Unlike Y2k problems, that are restricted to a much smaller subset of the code, in date processing.
Like I've said before, more and more I'm of the opinion that, with the massive number of new development/new systems being implemented, that right now, we are experiencing larger error rates, of greater magnitude, simultaneously, than we will experience at rollover.
-- Hoffmeister (firstname.lastname@example.org), August 10, 1999.
Hoff --- You're nuts. But not worth discussing. Not much longer now.
-- BigDog (BigDog@duffer.com), August 11, 1999.
er, not quite Hoff...go back to sleep.
-- a (email@example.com), August 11, 1999.
Sounds to me like the proper config and data was not present. The company sounds like it had a severe Y2K problem, and forced the implementation of new software before the company had prepared and fed it the right data. Add an obviously inexperienced or ineffective consulting integrator to an inexperienced client, and you get a mess.
It's easy to blame software. It's just an inanimate object. Harder to blame poor project management.
Odds are the very few really experienced consultants on board voiced their concerns, but they were ignored.
-- Spanky (firstname.lastname@example.org), August 11, 1999.
Thanks for the, ummm, enlightening comment. I'll give it all the consideration it deserves.
It is very apparent that Gartner Group is projecting date errors here.
"The biggest [misconception] is when the failures will occur," said Marcoccio, an analyst at Gartner Group Inc. in Stamford, Conn. In reality, only 8% to 10% of year 2000-related breakdowns will occur during the end of December and the beginning of January, he said.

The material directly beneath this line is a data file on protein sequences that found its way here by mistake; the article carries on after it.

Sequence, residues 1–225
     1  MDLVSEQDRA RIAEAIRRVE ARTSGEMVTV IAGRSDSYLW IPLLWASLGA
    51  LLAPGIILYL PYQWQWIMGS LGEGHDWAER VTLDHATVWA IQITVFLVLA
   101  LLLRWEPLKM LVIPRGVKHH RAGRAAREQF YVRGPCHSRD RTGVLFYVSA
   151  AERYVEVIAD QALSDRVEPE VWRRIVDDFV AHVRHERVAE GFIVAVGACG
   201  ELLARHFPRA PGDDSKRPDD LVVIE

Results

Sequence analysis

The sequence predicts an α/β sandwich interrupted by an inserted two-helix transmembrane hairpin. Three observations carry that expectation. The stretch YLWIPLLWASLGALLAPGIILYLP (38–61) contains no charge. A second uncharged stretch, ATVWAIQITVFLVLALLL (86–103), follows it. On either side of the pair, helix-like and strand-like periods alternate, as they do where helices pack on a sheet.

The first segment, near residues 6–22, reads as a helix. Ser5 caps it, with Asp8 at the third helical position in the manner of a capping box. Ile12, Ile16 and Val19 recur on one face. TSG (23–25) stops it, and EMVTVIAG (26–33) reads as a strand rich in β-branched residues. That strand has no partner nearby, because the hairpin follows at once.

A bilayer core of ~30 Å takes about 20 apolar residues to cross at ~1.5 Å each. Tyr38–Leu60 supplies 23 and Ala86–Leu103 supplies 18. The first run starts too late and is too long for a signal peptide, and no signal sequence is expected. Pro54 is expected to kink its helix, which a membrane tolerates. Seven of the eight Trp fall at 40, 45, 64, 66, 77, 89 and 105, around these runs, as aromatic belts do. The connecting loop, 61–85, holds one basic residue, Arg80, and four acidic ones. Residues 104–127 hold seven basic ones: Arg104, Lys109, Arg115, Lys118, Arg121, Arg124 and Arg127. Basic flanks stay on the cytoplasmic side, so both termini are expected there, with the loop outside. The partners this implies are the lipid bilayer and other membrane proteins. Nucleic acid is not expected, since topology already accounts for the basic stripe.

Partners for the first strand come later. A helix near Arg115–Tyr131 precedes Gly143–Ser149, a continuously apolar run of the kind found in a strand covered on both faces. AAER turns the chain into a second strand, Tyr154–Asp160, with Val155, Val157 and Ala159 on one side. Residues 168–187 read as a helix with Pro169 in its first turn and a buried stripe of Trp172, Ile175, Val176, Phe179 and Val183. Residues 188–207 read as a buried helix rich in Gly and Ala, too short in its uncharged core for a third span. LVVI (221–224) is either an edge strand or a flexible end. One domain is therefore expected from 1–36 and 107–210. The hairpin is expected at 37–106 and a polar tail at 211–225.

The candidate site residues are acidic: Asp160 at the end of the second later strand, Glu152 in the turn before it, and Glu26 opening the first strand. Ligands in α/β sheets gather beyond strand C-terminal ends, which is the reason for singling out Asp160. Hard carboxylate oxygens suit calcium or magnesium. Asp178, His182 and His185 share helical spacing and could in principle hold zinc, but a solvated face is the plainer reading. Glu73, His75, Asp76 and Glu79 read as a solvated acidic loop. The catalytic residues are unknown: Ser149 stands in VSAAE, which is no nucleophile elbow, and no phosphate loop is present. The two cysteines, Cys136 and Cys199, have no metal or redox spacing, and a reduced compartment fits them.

Meanwhile, companies that have contingency plans aren't planning for them sooner, Marcoccio said.
Failures will begin in phases, he said: first in July as some companies enter their new fiscal year and face date issues that haven't been fixed or were fixed incorrectly, Marcoccio said.
By October, the number of failures should increase as systems that forecast the first quarter start to have errors and an additional one-third of companies enter their fiscal year, he said.
Also here: http://www.idg.net/crd_ pc_9-126963.html
About 25 percent of the eventual Y2K failures will happen before the Jan. 1, 2000 deadline, as computer systems increasingly need to interact with next year's dates, Morris said here. An estimated 8 percent of all failures will happen "within two weeks of Jan. 1, 2000," he added, with 55 percent happening sometime during the year 2000.
-- Hoffmeister (email@example.com), August 11, 1999.
No big deal. If one of the largest suppliers has problems and there are 80,000 or so suppliers to GM, then the auto industry is toast.
This talks about manufacturing orders but if these orders are not placed then there will be a delay in ordering materials. Love JIT.
It is the smaller companies that are further behind which does not bode well either. So much reliance on vendor promises will come home to roost.
It only takes one part and the vehicle cannot be shipped. Remember who said the word "catastrophic" regarding his industry?
-- Mike Lang (firstname.lastname@example.org), August 11, 1999.
I've said it before and I'll repeat it: I would rather go through lower intestinal surgery without anesthesia and antiseptics before I would go through another SAP implementation.
We spent three months bending our processes to conform to SAP's format plus another six recovering from the lost orders and production capacity the "bending" cost us. And we hemmoraged good people who couldn't put up with the heartburn of twelve and sixteen hour days, seven days a week, just to re-input data into the SAP system simply because SAP didn't come with a cross-compiler or data interpreter between the two systems.
SAP may be a viable Y2K fix for some companies, but the timeframe for implementing it was late last year or early this year. Anybody trying to adapt their operations to SAP's "Any color you want, as long as it's black." type of system is facing far too steep a learning curve to have success a guaranteed outcome.
WW and SAP: Been there, done that. Got the scars to prove it. SAP is Y2K compliant but
-- Wildweasel (email@example.com), August 11, 1999.